Hypermediation in the Ruins of Socialism, Or, Concrete Legacies in an Age of Fiction
Venue:Stockholm School of Economics, room 311
This presentation focuses on media art practices in the context of the Polish city. It investigates how the ruins of socialism serve as the backdrop for the constitution of new fantasies and ideals of urban and social existence and argues for the political significance of media art practices in the imagining of alternate realities. It delineates the conversation between the hypermediatization of the everyday and the ephemeral and placeless ‘reality’ formed by the mediated environment, and the ‘ghost of socialism’ present in the very fabric and concrete structures of cities designed during the socialist era. How do we build new models and imagine new futures in places where the landscape was built precisely as material extension of certain utopian values and using political principles that no longer reflect the aspirations of its citizens? The implications of this paradoxical situation are illustrated through the works of pioneer media artist Izabella Gustowska and artist-architect Aleksandra Wasilkowska. Gustowska’s recent projects are expansive large-scale multimedia sensorial experiences that reveal the fragile boundaries between reality and fiction in which presence is reevaluated. Wasilkowska meanwhile counteracts the politics of the physical landscape and the legacies of the sterile effects of the urban masterplan by monitoring patterns and rhythms of individuals, crowds and publics, which provide clues about gaps or holes in the system. In the prototype ‘Em_Wwa 1.0’ she creates a virtual platform that explores the communicative possibilities of a non-hierarchical model of urbanism. Together they challenge patterns of knowledge and memory that offer local understandings of how the aesthetic space of media art is also a political space of reimagination. As such there is an attempt at reconciliation between the mediated and concrete everyday as negotiated through the site-specific practices of the media artist that provides a way of thinking about the future anew.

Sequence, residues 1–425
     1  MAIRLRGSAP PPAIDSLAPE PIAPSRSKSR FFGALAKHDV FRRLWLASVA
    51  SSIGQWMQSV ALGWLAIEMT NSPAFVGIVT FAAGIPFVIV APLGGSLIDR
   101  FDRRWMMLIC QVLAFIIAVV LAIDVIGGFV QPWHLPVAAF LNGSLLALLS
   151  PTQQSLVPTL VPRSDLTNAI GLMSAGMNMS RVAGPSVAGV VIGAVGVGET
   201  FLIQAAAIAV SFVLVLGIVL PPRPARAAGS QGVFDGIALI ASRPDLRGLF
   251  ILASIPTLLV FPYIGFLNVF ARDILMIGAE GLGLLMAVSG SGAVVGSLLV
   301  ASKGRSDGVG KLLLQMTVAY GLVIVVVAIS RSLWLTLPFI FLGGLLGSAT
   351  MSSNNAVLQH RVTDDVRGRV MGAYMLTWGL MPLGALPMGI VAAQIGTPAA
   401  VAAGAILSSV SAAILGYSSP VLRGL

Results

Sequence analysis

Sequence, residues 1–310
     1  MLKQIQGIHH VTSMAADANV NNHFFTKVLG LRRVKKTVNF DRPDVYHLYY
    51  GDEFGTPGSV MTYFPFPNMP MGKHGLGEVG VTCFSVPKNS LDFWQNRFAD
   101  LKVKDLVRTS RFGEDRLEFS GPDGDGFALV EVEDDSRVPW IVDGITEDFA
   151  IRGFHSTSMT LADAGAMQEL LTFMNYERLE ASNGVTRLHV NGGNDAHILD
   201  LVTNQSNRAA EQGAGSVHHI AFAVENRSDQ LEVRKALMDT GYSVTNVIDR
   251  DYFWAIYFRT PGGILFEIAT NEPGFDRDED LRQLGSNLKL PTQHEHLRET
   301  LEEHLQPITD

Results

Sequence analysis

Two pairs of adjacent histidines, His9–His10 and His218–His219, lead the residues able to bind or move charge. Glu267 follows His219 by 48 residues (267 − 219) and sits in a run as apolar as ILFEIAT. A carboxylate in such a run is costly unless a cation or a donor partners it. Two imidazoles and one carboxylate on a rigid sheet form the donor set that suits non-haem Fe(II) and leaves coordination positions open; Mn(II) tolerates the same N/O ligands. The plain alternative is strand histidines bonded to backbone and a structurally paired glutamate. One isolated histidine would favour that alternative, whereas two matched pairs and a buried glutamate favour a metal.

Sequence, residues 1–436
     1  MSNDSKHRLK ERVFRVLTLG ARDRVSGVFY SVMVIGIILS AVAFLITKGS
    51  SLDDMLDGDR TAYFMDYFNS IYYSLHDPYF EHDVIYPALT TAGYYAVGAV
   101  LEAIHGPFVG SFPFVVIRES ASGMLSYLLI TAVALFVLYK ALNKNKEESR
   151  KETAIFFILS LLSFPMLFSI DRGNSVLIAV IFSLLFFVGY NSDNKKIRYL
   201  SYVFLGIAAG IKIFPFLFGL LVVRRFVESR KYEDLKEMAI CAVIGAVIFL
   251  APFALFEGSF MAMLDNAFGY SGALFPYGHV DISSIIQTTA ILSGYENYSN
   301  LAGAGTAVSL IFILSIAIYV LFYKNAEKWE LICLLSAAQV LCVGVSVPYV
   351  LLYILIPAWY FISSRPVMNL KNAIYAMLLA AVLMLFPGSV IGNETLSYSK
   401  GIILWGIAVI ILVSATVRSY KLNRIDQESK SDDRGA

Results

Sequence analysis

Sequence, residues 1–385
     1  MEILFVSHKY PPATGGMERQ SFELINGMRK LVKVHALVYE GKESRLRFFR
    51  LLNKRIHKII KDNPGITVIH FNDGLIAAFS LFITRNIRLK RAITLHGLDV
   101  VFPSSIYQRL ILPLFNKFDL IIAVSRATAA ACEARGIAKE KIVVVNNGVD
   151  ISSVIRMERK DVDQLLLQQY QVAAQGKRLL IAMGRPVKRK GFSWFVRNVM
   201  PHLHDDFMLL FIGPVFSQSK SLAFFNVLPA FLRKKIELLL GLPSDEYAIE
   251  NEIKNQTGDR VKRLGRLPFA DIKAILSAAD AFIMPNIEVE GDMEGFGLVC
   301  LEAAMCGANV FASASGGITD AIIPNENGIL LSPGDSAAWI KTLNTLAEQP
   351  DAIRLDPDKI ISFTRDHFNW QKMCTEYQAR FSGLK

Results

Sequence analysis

Aleksandra Kaminska completed her dissertation in the Communication and Culture program at York University, Toronto, in September 2012. Her dissertation, ‘Mediating Poles: Media Art and Critical Experiments of the Polish Site, 2004-2009’ is an investigation of site-specific media art practices in contemporary Poland. Recent publications include Space and Culture, International Journal of Art and Technology, and Material Culture Review. She teaches media art history and theory at Brock and McMaster Universities, is the Managing Editor of PUBLIC, and a curatorial researcher for the exhibition ‘Land/Slide: Possible Futures’.